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Occasionally on those warm summer evenings, before the sun has set behind the garden fence, the bees visiting one last flower in a long day’s work, the clouds casting a faint memory of white across an increasingly purple sky.. I will sit on the patio and wonder to myself:

Oh dear, I’m old.

I’ve been adding “Senior iOS Developer” as my job title for six years now, and since my initial promotion to the role, I’ve never been that sure of what it actually means. Seniority means different things to different people. And here is what it means to this person. Me.

Know Everything Something

I’ll start with the easy one first. I do not think seniority means that the person needs to know everything about everything. Developers who work for a long time will, unless they jump sector like they’re playing a real-life game of Frogger, spend a large amount of their time working in a particular sector. People will become familiar and comfortable with working in AVKit or CoreData or CoreBluetooth and build out a career that plays to those strengths. But it is rare to find someone who knows all of these areas in-depth. There are so many frameworks and facets to developing for any platform, let alone iOS, that it’s not feasible to devote your entire mental capacity to everything on offer.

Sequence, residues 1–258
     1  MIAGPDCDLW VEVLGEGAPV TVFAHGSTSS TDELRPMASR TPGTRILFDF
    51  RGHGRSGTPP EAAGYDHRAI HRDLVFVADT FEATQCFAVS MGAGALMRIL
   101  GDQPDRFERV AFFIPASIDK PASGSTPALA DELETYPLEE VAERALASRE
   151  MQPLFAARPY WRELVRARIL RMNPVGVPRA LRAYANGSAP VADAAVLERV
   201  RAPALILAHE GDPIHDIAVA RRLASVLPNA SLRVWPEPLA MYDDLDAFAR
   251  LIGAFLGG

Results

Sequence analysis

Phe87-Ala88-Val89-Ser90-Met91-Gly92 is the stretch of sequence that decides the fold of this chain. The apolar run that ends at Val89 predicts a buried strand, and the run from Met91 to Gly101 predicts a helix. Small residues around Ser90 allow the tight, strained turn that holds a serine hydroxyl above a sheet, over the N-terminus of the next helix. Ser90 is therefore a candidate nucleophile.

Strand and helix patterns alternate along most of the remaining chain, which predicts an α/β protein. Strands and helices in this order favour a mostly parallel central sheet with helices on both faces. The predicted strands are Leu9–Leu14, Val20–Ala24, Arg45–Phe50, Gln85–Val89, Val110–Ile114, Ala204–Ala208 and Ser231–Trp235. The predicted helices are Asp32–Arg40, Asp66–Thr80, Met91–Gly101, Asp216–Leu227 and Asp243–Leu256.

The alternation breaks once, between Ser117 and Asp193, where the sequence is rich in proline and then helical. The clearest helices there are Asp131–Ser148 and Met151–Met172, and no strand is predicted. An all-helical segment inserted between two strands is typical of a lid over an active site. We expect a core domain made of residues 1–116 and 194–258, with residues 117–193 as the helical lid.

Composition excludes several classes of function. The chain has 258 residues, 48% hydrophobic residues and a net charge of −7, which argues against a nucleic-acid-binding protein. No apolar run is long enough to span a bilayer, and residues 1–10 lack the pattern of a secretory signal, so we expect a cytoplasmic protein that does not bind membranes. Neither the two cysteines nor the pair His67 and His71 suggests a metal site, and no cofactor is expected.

Unless you are Paul Hudson, of course. He is genuinely a wizard.

But over time, what becomes easier is identifying similarities and patterns in frameworks that are applicable in other contexts. Whereby the experience built up is less about the specifics of the areas of iOS you spend most of your day working with, but how to work.

So no, seniority doesn’t mean you know everything. You can’t.

It Isn’t a Sheriff’s Badge

Certain jobs have a “binary” condition. If I’m not a sheriff, I can’t put you in jail. If I am a sheriff, I can!

Seniority in development terms isn’t a badge that suddenly gives you the powers to work, act or treat others in a certain way. I’ve seen many developers without the job title who represent a “senior” role more than others who are further up the career ladder.

I think that the key to seniority is how you act. These are behaviours that you can adopt early in your career that will help you to progress, because you will be able to demonstrate them early.
If you are able to reach out to other teams to resolve an issue without asking, that’s what I would consider a “senior” behavioural trait.
If you see a bug or crash in your application and spend time to find the root cause, instead of the quick fix, that’s a senior behavioural trait.
If you can approach a solution with the right balance of completing a feature but also having one eye on potential future scope change, that’s a senior behavioural trait.

Exhibiting these traits can also make it easier when it comes to putting yourself forward for promotion. If I have to choose between two mid-level candidates and one is being supportive to others, able to independently resolve issues and architect work in a sustainable way..then it makes it much easier to make that decision.